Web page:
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Dell and Alienware BIOS updates break PCs, get recalled

Alienware and Inspiron desktop owners beware

A recent round of BIOS updates for Dell and Alienware systems has turned out to be something of a bad batch. As first spotted by Bleeding Computer, multiple owners of Dell-made PCs – including the Alienware Aurora R8 and Inspiron 5680 gaming desktops, as well as the Latitude 5320 and 5520 business laptops – started developing big problems after installing the new BIOS versions. Failed boots, mainly, which of course makes it harder to apply potential fixes.

One Aurora R8 owner, for instance, reportedly got stuck in an infinite crash loop after what initially appeared to be a routine BIOS update. At least one Inspiron 5680 also failed to boot correctly almost immediately after the update was downloaded. Yikes.

The problem children appear to the 2.8.0 BIOS version for Inspiron desktops and version 1.0.18 for Alienware systems, with version 1.14.3 causing similar issues for Latitude laptops. If you have a potentially vulnerable Dell system, and have already downloaded the “critical updates” that include one of these latest BIOS versions, you should probably roll back to an older version ASAP. Rolling back also seems to fix any issues once they show up, provided you can access the BIOS amid all the failed boots.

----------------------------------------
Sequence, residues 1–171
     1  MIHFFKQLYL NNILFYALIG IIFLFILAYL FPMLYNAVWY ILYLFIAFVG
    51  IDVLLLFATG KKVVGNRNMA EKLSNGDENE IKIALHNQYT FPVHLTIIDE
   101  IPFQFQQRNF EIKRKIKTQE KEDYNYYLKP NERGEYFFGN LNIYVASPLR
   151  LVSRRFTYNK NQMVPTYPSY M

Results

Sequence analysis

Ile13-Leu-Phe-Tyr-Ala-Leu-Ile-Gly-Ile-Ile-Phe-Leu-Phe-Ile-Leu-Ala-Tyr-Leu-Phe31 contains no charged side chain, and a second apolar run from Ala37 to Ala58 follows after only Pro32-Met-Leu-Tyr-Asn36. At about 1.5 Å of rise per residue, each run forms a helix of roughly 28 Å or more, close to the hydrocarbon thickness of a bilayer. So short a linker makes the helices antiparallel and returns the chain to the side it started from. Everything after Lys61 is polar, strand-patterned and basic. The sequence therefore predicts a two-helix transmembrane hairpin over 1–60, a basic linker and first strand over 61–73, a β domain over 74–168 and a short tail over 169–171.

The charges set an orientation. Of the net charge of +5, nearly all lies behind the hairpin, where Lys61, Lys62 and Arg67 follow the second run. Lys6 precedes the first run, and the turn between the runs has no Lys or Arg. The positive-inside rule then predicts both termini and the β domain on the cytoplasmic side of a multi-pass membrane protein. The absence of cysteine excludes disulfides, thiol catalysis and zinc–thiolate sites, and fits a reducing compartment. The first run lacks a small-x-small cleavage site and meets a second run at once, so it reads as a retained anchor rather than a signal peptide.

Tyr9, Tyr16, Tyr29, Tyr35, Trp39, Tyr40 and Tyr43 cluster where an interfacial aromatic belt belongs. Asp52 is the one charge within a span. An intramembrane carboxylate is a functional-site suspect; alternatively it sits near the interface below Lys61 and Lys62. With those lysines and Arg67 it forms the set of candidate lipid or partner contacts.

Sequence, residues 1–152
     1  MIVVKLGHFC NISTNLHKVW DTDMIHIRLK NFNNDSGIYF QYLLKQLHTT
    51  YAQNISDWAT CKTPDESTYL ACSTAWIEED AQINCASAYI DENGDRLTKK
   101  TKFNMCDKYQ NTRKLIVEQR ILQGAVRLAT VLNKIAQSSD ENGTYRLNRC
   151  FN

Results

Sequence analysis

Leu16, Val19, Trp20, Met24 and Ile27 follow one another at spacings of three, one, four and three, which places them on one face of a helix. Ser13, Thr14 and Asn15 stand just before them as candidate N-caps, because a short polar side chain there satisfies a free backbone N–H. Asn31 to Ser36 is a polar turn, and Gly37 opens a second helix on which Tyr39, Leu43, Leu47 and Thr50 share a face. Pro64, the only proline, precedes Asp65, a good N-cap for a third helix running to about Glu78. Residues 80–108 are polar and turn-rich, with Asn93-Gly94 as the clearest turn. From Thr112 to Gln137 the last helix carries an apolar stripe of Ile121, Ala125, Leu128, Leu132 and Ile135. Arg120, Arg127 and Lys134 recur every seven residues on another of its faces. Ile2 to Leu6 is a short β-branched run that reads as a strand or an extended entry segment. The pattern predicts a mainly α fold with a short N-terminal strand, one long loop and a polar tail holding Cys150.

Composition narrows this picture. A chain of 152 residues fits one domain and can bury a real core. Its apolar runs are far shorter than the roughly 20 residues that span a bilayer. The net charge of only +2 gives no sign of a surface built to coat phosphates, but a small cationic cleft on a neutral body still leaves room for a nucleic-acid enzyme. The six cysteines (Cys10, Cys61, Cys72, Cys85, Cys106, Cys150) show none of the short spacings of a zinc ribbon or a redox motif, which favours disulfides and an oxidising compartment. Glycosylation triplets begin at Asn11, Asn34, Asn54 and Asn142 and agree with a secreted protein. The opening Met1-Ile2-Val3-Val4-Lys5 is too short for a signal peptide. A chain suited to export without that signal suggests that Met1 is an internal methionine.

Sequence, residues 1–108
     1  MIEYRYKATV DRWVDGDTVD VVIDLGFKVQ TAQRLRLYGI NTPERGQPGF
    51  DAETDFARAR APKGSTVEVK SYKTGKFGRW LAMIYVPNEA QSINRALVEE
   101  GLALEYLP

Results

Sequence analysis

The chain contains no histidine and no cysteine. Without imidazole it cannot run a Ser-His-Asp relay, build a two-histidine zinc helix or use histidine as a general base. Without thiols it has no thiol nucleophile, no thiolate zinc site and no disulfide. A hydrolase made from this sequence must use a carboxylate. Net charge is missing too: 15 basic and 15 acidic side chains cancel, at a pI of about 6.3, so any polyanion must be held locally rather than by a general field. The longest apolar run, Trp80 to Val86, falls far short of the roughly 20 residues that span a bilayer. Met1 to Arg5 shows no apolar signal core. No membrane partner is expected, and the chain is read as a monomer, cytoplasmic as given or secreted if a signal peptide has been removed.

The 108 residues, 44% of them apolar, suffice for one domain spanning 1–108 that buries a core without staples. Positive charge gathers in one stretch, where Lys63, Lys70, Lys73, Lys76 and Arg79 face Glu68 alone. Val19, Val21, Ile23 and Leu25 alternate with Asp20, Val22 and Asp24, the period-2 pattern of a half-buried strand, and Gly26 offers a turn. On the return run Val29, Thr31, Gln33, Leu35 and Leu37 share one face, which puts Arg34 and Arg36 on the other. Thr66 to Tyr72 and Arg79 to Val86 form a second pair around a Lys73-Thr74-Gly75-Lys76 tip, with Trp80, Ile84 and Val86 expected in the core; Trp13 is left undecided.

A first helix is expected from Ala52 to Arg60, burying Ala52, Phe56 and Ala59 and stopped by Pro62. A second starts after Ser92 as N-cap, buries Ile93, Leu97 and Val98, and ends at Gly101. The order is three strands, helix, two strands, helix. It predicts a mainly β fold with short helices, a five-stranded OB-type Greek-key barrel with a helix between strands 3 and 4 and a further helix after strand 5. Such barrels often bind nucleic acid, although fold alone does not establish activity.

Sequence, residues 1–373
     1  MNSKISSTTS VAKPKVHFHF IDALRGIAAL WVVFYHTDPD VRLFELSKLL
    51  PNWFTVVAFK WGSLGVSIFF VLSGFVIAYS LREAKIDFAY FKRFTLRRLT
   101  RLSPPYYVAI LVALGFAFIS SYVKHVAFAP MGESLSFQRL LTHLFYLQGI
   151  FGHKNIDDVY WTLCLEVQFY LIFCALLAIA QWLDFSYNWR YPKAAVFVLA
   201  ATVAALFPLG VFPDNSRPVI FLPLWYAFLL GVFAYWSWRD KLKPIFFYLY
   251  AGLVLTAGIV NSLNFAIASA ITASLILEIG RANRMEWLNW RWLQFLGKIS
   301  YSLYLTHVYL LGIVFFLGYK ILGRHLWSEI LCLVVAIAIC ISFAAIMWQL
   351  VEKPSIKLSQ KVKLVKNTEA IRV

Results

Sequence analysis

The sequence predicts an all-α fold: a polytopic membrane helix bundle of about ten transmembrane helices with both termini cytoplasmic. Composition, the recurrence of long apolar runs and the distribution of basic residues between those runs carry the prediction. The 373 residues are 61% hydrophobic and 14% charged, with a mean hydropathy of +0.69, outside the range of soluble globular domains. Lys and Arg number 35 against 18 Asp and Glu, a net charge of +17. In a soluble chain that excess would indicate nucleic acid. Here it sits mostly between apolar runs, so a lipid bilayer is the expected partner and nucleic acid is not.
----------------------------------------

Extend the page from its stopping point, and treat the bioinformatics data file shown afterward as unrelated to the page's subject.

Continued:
Dell haven’t given an official explanation for the spate of problems, which do sound like new bugs rather than long-standing issues with the hardware, though they have pulled the Alienware 1.0.18 update and the Latitude 1.14.3 update so they can’t fudge up anyone else’s rigs. At the time of writing, the most recent BIOS versions available to download are the 1.0.17 and 1.13.0 versions respectively. The 2.8.0 BIOS for Inspiron PCs is still listed on Dell’s support site, however – lucky the previous one are also available by clicking “Older versions”.

It’s easy to dunk on prebuilt PCs when the DIY building route tends to offer more value (and, frankly, is more fun). Manufacturer updates that put the entire system temporarily out of commission probably won’t help with that kind of perception. Even so, prebuilds can have their uses: with it being so difficult to find GPU stock at the moment, buying an entire system is one of the more reliable ways to secure yourself one of the best graphics cards.

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About the Author
James Archer avatar

James Archer

Hardware Editor

James had previously hung around beneath the RPS treehouse as a freelancer, before being told to drop the pine cones and climb up to become hardware editor. He has over a decade’s experience in testing/writing about tech and games, something you can probably tell from his hairline.

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